CAPITAL BUDGETING

Overview 159

7.1 The NPV Rule for Judging Investments and Projects 159

7.2 The IRR Rule for Judging Investments 161

7.3 NPV or IRR, Which to Use? 162

7.4 The “Yes–No” Criterion: When Do IRR and NPV Give the Same Answer? 163

7.5 Do NPV and IRR Produce the Same Project

Rankings? 164

7.6 Capital Budgeting Principle: Ignore Sunk Costs and

Consider Only Marginal Cash Flows 168

7.7 Capital Budgeting Principle: Don’t Forget the Effects of Taxes—Sally and Dave’s Condo Investment 169

7.8 Capital Budgeting and Salvage Values 176

7.9 Capital Budgeting Principle: Don’t Forget the Cost of Foregone Opportunities 180

7.10 In-House Copying or Outsourcing? A Mini-case

Illustrating Foregone Opportunity Costs 181

7.11 Accelerated Depreciation 184

Conclusion 185

Exercises 186

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CHAPTER 7 Introduction to Capital Budgeting 159

OVERVIEW

Capital budgeting is finance terminology for the process of deciding whether or not to undertake an investment project. There are two standard concepts used in capital budgeting: net present value (NPV) and internal rate of return (IRR). Both of these concepts were introduced in Chapter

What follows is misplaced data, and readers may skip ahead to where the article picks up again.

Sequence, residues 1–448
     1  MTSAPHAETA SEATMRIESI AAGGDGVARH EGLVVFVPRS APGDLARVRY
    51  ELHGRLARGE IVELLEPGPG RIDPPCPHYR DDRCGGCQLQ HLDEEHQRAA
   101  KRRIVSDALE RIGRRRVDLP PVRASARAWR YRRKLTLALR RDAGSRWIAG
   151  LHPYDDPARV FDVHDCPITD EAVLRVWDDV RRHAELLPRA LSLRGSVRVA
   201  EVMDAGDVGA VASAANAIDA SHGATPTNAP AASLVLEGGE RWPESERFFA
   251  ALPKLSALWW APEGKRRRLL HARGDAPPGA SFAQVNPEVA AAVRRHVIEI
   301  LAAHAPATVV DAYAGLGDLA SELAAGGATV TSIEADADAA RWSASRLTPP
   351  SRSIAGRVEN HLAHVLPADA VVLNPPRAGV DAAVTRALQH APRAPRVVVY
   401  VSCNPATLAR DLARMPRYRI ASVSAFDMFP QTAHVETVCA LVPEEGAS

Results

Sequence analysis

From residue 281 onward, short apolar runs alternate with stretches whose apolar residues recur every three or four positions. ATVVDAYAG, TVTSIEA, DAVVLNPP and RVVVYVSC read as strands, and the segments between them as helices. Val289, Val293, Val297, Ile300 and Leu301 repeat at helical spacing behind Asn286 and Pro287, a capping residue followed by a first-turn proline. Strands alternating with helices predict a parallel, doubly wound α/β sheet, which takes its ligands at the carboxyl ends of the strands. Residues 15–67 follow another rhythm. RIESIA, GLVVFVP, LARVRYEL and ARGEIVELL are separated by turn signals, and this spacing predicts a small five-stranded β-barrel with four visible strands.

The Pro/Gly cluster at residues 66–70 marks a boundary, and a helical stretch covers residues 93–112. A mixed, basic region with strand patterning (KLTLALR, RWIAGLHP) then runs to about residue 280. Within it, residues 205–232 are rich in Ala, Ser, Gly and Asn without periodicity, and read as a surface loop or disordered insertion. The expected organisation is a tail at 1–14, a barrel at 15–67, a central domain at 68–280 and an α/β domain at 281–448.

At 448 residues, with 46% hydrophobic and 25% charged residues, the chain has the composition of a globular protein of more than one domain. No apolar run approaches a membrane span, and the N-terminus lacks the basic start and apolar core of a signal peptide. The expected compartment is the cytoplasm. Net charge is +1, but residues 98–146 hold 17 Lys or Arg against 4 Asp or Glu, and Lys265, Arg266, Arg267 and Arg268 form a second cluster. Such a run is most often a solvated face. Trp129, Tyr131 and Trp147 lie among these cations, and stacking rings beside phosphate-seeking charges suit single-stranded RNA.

5; in this chapter we discuss their application to capital budgeting. Here are some of the topics covered: • Should you undertake a specific project? We call this the “yes–no” decision, and we show how both NPV and IRR answer this question.

• Ranking projects: If you have several alternative investments, only one of which you can choose, which should you undertake?

• Should you use IRR or NPV? Sometimes the IRR and NPV decision criteria give different answers to the yes–no and the ranking decisions. We discuss why this happens and which criterion should be used for capital budgeting (if there’s disagreement).

• Sunk costs. How should you account for costs incurred in the past?

• The cost of foregone opportunities.

• Salvage values and terminal